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The point of any ‘discipline’ is to teach, not to punish. (‘Disciple’ means student, follower, learner.)

Children don’t learn through punishment. They comply through punishment, but the mechanism is control and fear. 

The problem with this, is that the goal becomes avoiding us when things go wrong, rather than seeking us out. We can’t influence them if we’ve taught them to keep their messes hidden from us. 

We can’t guide our kiddos if they aren’t open to us, and they won’t be open to us if they are scared of what we will do. 

We all have an instinctive need to stay relationally safe. This means feeling free from rejection, shame, humiliation. The problem with traditional discipline is that it rejects and judges the child, rather than the behaviour. 

Hold them close, reject their behaviour. 

This makes it more likely that they will turn toward us instead of away from us. It opens the way for us to guide, lead, teach. It makes it safe for them to turn and face what’s happened so they can learn what they might do differently in the future.

Rather than, ‘How do I scare them out of bad behaviour?’ try, ‘How do I help them to do better next time?’ 

Is the way you respond to their messy decisions or behaviour more likely to drive them away from you in critical times or towards you? Let it be towards you.

This doesn’t mean giving a free pass on big behaviour. It means rather than leading through fear and shame, we lead through connection, conversation and education. 

The ‘consequence’ for big behaviour shouldn’t be punishment to make them feel bad, but the repairing of any damage so they can feel the good in who they are. It’s the conversation with you where they turn and face their behaviour. This will always be easier when they feel you loving them, and embracing who they are, even when you reject what they do.♥️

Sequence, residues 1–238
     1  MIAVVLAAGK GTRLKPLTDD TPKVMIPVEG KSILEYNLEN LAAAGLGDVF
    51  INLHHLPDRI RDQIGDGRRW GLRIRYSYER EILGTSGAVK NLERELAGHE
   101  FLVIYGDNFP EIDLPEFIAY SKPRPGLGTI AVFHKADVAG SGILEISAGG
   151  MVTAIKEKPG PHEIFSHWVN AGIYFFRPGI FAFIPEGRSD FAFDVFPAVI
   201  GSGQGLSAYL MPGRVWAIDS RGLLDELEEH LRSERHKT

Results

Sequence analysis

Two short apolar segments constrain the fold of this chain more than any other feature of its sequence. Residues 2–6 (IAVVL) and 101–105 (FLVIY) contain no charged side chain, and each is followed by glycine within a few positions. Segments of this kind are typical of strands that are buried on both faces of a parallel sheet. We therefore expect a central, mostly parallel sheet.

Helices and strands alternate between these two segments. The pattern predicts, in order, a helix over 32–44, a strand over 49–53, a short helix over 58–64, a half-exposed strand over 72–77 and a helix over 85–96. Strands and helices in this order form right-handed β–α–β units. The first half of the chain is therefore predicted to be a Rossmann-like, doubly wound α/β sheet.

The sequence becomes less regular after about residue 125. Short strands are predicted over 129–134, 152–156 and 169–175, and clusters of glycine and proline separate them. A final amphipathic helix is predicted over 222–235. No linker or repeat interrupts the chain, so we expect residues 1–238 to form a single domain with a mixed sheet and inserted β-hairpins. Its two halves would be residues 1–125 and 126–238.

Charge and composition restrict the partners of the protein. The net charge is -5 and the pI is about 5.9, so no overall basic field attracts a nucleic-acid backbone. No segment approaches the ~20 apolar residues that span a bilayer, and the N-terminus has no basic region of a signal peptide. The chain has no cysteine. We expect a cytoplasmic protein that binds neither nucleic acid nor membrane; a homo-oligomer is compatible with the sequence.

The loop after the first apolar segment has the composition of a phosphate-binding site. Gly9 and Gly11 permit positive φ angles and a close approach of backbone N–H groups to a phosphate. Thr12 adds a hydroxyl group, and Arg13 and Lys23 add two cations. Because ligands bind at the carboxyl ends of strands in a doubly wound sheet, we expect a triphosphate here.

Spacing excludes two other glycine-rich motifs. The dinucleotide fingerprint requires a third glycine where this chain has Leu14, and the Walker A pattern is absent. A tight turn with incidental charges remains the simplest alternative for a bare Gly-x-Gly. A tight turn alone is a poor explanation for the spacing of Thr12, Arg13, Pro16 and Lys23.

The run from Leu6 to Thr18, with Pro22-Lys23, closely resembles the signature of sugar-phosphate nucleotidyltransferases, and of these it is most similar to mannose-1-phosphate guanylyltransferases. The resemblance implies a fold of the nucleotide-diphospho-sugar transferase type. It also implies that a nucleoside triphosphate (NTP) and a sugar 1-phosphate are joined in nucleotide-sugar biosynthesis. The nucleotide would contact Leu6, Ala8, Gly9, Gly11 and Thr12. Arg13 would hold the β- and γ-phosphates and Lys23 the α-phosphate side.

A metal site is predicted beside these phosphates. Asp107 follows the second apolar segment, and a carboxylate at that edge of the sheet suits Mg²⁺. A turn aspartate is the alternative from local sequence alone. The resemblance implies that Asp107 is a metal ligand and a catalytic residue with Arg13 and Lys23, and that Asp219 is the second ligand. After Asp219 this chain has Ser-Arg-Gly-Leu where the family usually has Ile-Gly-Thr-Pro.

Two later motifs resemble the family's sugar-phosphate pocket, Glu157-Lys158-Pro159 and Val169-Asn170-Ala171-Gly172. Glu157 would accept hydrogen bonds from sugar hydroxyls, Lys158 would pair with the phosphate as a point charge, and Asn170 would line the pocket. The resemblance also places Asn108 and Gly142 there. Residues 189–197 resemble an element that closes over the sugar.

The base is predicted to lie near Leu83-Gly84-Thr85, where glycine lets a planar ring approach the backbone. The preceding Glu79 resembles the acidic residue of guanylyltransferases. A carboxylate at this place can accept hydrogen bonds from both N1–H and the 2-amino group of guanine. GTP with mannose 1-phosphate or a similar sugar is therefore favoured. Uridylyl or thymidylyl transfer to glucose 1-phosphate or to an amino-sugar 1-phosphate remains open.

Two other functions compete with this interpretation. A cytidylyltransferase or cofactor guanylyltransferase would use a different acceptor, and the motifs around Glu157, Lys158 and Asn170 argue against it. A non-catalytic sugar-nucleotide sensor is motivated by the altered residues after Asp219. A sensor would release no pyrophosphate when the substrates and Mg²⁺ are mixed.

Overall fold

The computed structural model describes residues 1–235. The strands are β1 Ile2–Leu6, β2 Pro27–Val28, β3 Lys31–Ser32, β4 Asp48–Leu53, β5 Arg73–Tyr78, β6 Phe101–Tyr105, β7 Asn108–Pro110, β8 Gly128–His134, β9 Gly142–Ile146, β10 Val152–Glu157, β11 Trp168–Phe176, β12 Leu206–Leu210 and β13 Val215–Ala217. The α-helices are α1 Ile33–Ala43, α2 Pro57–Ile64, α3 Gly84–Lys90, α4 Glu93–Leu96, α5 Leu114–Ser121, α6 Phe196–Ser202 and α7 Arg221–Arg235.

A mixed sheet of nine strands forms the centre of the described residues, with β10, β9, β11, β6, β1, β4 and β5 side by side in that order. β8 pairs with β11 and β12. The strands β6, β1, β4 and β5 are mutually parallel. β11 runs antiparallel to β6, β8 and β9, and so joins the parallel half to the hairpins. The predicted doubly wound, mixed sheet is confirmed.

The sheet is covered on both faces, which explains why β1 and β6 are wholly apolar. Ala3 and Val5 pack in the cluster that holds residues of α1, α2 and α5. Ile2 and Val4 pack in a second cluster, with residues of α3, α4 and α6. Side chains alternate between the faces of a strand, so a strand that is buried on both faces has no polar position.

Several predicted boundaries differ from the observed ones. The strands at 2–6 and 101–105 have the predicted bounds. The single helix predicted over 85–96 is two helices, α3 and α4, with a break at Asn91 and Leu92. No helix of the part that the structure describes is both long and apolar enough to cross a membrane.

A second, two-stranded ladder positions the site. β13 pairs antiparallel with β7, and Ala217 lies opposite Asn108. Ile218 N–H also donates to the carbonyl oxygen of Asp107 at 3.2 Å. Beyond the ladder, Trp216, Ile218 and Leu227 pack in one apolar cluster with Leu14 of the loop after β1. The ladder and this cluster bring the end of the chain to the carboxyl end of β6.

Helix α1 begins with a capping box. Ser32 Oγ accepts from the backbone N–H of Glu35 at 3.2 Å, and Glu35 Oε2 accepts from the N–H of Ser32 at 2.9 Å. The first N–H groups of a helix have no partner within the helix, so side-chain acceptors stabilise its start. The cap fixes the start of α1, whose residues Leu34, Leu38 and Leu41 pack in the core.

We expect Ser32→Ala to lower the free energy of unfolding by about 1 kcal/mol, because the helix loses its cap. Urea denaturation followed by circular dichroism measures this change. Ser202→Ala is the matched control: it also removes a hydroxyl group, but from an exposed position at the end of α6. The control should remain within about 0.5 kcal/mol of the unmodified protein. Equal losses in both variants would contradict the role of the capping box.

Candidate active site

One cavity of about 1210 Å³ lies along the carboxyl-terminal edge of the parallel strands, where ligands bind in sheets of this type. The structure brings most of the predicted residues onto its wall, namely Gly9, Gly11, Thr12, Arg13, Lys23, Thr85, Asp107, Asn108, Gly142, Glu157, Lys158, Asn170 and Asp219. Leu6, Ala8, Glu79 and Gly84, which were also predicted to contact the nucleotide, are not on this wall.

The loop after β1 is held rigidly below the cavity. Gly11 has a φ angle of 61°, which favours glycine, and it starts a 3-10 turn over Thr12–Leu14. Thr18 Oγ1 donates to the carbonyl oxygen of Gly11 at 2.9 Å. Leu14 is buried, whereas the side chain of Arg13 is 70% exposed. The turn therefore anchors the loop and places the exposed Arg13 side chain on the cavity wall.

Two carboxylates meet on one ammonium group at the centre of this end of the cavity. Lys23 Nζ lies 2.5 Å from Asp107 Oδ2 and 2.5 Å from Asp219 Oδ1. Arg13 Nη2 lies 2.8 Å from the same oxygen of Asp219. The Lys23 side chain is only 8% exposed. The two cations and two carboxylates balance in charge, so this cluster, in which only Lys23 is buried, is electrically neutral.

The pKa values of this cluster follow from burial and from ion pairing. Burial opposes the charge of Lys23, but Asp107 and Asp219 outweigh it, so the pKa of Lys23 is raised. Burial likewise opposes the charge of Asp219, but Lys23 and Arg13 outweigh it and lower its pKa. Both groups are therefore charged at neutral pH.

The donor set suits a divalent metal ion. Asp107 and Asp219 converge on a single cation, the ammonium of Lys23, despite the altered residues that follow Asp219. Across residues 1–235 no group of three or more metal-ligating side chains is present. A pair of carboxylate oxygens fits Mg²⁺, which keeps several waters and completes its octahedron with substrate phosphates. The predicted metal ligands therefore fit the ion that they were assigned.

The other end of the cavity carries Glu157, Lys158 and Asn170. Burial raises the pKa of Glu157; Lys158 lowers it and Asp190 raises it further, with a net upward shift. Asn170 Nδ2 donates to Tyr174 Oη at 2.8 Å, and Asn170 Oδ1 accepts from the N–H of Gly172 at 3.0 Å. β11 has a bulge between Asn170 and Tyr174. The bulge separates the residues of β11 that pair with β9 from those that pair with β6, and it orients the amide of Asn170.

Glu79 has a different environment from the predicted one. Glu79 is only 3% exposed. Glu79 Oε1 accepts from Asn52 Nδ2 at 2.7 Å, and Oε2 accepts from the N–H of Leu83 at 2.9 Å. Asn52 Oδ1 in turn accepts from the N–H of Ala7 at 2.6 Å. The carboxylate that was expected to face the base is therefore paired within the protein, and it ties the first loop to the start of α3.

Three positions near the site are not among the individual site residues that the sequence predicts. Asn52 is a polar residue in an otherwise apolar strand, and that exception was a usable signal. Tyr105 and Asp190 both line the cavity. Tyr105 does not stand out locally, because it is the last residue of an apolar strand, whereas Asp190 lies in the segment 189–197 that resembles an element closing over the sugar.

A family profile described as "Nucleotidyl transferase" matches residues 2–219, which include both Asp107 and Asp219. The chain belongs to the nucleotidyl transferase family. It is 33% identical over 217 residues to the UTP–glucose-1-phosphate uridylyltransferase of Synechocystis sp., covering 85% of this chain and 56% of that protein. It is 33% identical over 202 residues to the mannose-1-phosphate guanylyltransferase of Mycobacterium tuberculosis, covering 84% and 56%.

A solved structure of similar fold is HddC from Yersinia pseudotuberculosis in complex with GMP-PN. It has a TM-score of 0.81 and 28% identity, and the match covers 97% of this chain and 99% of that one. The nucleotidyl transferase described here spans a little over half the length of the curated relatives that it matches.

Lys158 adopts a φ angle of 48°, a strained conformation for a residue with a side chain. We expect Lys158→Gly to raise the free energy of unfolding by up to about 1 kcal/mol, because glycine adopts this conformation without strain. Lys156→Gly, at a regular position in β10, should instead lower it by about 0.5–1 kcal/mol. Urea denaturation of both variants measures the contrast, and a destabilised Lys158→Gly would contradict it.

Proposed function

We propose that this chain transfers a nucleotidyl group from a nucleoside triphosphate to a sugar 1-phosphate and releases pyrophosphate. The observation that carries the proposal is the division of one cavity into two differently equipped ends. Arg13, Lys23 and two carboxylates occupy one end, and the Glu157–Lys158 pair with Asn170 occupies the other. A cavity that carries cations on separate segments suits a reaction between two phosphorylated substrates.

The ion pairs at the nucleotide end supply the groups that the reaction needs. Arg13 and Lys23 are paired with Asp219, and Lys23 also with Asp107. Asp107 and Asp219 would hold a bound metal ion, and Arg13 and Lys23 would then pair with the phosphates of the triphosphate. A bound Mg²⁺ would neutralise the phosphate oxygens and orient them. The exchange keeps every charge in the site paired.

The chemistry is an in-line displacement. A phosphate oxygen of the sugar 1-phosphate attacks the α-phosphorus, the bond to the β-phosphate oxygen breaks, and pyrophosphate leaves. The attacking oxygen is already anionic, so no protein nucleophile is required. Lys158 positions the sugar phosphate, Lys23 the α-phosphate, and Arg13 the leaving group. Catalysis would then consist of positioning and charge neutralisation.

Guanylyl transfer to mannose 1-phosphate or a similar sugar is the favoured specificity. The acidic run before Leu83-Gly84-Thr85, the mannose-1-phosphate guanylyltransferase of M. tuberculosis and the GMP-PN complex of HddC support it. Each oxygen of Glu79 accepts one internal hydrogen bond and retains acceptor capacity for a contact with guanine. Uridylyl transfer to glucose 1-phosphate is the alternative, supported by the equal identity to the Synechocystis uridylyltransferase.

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#parent #parents #mindfulparenting #gentleparenting
Kununurra I’m so excited to be with you tonight. I’ll be giving you super practical ways to strengthen your kiddos and teens against all sorts and all levels of anxiety - big anxiety, little anxiety, anxiety about school, separation, trying new things - all of it. You’ll walk away with things you can do tonight - and I can’t wait! Afterwards we’ll have time for a chat where we can dive into your questions (my favourite part). This is a free event organised by the Parenting Connection WA (I love this organisation so much!). The link for tickets is in my story♥️
Hello Broome! Can’t wait to see you tonight. Tickets still available. The link is in my story. 

Thank you Parenting Connection WA for bringing me here and for the incredible work you do to support and strengthen families.♥️
What a weekend! Thank you Sydney for your open hearts, minds and arms this weekend at @resilientkidsconference. Your energy and warmth were everything.♥️
I LOVE being able to work with early childhood centres and schools. The most meaningful, enduring moments of growth and healing happen on those everyday moments kids have with their everyday adults - parents, carers, teachers. It takes a village doesn’t it.♥️